Eric set his menu aside and leaned across the table. “Trev, it’s people like him that are the reason I got into metal. I mean, I love the music. Don’t get me wrong. I could neer play music I didn’t love. But i can’t love the ministry as much as Dad, so I make music. Yet it seems to me that if we can, as a group, reach wounded people like that guy tonight, we’re doing a greater good than just standing up on a pulpit and preaching to the already-converted. We’re giving comfort where it’s most needed, directly to the masses. And we get to have these great experiences, too. We get to make music, and that has got to be pleasing to God’s ears.”

Trevor fought the urge to throw up. But later that night, thinking about what Eric had said, he knew the guy was dead-on right. That as a band they could reach people and make lives less miserable, even if the misery lifted for only a little bit.



  1. Amy Durham

    July 10, 2006 6:59 pm

    Hey Susan — I really like this. Is it an extra scene or one that’s included in the book?

  2. Susan Helene Gottfried

    July 10, 2006 7:36 pm

    Thanks, Amy! Welcome to my meet-and-greet. *grin*BR/BR/This is an extra scene, actually. Almost everything I post here is ’cause some of it is just too sweet to let fade into the ether.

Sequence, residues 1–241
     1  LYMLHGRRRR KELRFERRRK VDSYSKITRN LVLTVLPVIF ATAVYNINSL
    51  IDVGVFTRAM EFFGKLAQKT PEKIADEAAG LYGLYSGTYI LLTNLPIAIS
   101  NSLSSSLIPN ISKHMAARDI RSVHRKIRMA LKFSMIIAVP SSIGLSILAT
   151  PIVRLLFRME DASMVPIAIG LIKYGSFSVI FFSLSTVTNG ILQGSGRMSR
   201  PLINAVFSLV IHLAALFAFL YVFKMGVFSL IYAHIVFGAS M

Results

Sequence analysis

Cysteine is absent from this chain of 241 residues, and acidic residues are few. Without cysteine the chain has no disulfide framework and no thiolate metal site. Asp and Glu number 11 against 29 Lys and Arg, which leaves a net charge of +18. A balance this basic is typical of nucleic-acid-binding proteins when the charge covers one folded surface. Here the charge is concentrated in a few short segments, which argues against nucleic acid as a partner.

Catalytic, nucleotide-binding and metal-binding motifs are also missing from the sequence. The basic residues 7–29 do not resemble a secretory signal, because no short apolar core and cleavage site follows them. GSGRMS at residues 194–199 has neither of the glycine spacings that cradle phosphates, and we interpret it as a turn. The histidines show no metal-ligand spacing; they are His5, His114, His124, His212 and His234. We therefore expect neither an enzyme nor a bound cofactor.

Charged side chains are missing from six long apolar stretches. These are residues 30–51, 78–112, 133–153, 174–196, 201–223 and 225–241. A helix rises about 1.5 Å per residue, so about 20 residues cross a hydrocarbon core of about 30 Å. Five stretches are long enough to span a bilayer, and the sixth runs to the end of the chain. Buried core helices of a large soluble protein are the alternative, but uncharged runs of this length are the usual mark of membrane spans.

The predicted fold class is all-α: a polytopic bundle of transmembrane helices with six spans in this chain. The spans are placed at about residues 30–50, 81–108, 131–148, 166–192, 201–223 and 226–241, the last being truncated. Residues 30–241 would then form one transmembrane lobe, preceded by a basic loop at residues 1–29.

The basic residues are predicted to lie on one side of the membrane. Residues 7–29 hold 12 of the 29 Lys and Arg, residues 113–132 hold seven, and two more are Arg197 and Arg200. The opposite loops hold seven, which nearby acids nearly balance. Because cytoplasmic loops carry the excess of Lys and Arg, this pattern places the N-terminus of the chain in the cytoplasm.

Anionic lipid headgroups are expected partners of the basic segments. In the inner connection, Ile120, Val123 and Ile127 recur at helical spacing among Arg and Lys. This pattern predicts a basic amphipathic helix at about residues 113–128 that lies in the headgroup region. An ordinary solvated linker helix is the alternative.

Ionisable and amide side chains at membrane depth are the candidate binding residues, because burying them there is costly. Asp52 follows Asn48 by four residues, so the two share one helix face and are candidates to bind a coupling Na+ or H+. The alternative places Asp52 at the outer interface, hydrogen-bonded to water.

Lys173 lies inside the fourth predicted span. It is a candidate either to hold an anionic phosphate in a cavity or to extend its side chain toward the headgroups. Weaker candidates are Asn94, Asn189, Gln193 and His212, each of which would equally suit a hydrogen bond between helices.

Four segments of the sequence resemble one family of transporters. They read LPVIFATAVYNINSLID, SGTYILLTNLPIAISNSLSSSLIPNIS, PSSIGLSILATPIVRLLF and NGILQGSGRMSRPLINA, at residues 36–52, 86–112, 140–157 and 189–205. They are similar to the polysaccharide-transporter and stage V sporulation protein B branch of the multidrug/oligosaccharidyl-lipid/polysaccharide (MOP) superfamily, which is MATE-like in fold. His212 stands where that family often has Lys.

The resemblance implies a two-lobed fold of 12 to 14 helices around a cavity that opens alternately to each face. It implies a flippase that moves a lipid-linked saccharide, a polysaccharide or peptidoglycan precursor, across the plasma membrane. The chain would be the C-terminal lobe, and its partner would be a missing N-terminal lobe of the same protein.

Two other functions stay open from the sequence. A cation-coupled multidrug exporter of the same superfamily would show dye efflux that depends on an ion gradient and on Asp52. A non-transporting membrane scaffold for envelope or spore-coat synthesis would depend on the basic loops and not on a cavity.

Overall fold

3. cheesygiraffe

    July 10, 2006 9:46 pm

    This was very sweet and this may be the one you should use for the Gather writing contest. 😉

  4. Susan Helene Gottfried

    July 11, 2006 7:54 am

    Not a bad idea indeed, my giraffe!BR/BR/I’ll have to make it longer, though. But there’s time.BR/BR/Anyone else got a thought?

  5. karen!

    July 26, 2006 8:30 pm

    There’s a “never” without its “v” in the 2nd to last paragraph… :whistle:BR/BR/I like this. I like learning more about Eric b/c he’s the one I feel like I know the least.

  6. Susan Helene Gottfried

    July 26, 2006 10:46 pm

    Eh, who needs the letter V, anyway?BR/BR/Yeah, I would like to do more with Eric. I have a hell of an inspiration (Hi, Alicia! You there?), so expect more from him.BR/BR/The cool thing about this whole project is that I’m planning on doing longer books with ALL of my cast of characters, including a number that you haven’t met yet. Sort of a Jan Karon or someone like that, whose fiction is set within this self-contained world (but without the Christian angle, for sorta obvious reasons…)

  7. karen!

    July 27, 2006 8:48 am

    yeah, I love that about this project 😀

  8. Susan Helene Gottfried

    July 27, 2006 11:32 am

    … now if I only had the TIME to work on the other stuff! Only like 40 more pages of the Trevor’s Song rewrite to go, and then you readers can have a gander before I start marketing and move to something new. (I have yet another idea for the whole Kerri-Kerri’s mom thing to play out)

  9. paisley

    October 23, 2007 9:36 am

    the battle weary and the broken,, you bring us back to life… bravo!!!!!

  10. tumblewords

    October 23, 2007 10:14 pm

    No doubt in my mind that this will be a great book – enjoyed reading this section…and would like to read more.